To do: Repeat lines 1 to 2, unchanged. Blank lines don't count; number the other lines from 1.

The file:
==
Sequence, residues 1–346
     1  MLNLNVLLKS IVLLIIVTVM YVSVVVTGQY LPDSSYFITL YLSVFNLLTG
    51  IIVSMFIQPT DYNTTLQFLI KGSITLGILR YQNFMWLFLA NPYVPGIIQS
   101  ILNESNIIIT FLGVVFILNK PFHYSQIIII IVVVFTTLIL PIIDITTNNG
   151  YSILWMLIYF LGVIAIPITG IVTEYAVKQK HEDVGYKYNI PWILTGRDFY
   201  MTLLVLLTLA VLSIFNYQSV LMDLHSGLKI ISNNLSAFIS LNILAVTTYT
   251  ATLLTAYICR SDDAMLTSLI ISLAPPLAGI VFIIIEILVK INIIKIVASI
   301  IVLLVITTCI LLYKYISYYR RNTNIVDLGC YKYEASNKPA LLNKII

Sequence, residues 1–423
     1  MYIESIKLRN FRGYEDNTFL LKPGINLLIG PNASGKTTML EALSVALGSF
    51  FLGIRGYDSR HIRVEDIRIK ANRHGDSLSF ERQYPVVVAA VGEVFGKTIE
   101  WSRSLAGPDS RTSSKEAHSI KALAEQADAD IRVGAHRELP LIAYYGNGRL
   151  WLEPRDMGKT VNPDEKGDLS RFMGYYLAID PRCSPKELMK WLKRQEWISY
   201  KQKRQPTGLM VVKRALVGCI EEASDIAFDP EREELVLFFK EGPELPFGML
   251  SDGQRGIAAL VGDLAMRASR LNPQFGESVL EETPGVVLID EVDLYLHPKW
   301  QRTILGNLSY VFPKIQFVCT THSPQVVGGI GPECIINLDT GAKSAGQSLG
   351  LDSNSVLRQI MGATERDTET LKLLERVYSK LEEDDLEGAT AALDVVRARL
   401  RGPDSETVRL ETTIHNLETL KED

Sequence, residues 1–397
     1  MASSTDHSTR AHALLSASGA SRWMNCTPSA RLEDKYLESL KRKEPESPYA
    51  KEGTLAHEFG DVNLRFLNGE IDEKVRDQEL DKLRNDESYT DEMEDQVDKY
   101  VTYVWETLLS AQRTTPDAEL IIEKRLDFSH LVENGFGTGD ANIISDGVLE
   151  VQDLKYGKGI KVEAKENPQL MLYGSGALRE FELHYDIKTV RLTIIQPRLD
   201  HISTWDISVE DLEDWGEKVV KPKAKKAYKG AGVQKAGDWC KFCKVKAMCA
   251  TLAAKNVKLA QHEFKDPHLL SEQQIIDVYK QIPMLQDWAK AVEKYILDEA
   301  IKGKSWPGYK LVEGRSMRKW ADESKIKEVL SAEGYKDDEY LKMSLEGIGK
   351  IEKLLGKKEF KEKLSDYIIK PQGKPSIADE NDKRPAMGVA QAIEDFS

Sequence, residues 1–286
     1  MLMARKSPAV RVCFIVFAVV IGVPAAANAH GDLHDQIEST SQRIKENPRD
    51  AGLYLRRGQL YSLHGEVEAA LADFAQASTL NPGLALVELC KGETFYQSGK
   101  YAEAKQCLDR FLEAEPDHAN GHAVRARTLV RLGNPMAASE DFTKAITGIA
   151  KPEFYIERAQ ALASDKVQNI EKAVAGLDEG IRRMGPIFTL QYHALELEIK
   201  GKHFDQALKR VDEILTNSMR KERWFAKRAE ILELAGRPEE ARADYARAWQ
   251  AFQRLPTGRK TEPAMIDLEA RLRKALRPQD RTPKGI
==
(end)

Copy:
Sequence, residues 1–346
     1  MLNLNVLLKS IVLLIIVTVM YVSVVVTGQY LPDSSYFITL YLSVFNLLTG